By nature, children are curious, and at times their curiosity can get the better of them. Children may go places or try things that an adult would avoid because of potential dangers. Sometimes this curiosity can put children in a position where they are seriously injured. Children are not expected to behave as adults do, which is why under New York premises liability law, there is the doctrine of “attractive nuisance.”
What is the Attractive Nuisance Doctrine?
Generally, those who enter another person’s property are considered trespassers and are given little protection if they are injured on the property. The attractive nuisance doctrine holds property owners to a standard of care to protect children from dangerous conditions on their property, even if those children are trespassing. Under the attractive nuisance doctrine, a property owner can be liable for injuries to children trespassing on their property if the injury is a caused by an artificial dangerous object or condition on the property that is likely to attract children who aren’t capable of understanding the hazards associated with the object or condition.
Examples of Attractive Nuisances
A property owner should be able to foresee that children will want to enter the property when certain “attractions” are present. Examples of attractive nuisances include:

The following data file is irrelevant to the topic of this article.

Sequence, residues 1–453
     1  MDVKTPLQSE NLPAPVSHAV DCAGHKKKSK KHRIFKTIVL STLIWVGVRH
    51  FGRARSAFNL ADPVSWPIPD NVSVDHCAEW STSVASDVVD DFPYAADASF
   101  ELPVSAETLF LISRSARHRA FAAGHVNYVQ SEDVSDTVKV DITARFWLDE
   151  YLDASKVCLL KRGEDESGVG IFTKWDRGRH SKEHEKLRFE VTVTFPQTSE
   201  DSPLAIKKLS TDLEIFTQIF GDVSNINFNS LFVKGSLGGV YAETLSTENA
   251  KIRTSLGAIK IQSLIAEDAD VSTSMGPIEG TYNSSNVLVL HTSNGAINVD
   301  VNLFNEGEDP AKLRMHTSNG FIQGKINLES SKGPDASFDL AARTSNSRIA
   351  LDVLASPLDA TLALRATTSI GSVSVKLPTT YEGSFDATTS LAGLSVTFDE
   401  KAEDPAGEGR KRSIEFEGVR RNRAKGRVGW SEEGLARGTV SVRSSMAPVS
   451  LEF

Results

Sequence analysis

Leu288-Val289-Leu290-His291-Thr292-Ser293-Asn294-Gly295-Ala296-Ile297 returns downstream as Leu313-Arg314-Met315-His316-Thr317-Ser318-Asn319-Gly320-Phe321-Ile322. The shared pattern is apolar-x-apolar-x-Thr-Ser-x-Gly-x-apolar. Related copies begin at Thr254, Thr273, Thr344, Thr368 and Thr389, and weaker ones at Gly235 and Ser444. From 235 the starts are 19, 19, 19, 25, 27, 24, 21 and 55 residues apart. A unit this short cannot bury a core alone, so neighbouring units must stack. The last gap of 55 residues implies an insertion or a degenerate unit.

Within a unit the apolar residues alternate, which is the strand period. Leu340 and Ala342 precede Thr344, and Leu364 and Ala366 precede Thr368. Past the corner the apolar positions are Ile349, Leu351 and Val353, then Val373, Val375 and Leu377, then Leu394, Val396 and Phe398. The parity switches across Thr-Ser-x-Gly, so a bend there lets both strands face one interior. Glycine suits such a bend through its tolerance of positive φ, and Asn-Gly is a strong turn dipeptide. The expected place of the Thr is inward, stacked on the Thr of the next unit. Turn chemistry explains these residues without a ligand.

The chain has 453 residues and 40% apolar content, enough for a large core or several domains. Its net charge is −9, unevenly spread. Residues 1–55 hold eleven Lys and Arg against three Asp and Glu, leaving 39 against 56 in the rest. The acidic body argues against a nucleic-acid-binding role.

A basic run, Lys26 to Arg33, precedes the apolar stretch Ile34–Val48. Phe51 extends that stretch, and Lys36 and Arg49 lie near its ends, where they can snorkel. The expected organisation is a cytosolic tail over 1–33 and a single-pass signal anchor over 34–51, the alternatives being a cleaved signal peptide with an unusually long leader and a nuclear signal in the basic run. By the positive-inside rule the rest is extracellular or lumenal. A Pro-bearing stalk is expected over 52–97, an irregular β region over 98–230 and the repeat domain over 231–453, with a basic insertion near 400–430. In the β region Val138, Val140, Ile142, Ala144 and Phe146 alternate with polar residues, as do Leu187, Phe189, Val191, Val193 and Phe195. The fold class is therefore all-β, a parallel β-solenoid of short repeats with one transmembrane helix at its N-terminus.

- Swimming pools
- Playgrounds or playscapes
- Manmade ponds or lakes
- Abandoned cars
- Holes or pits in the ground
- Construction or farm equipment
- Construction materials
- Discarded appliances
To establish a successful case involving an attractive nuisance, it must be shown that:
- The property had an artificial object condition of which the property was aware or should have been aware
- The property owner knew or should have known of the likelihood that children will trespass onto the property
- The property owner knew or should have known that the object or condition posed a risk of serious injury or death
- Due to their age, the children would not be able to appreciate the danger
- The benefit to the property owner of keeping the object and condition and the burden of removing it was slight compared to the risk it posed to children
- The property owner failed to use reasonable care in eliminating the danger posed to children
Contact an Experienced Attorney
If your child has been injured on someone else’s property, you should have an attorney evaluate your case. At Bonina & Bonina, P.C., we have over 50 years of experience helping injured New Yorkers. Contact us online or call us at 1-888-MEDLAW1 to schedule your free consultation. Home and hospital visits are available. Se habla español.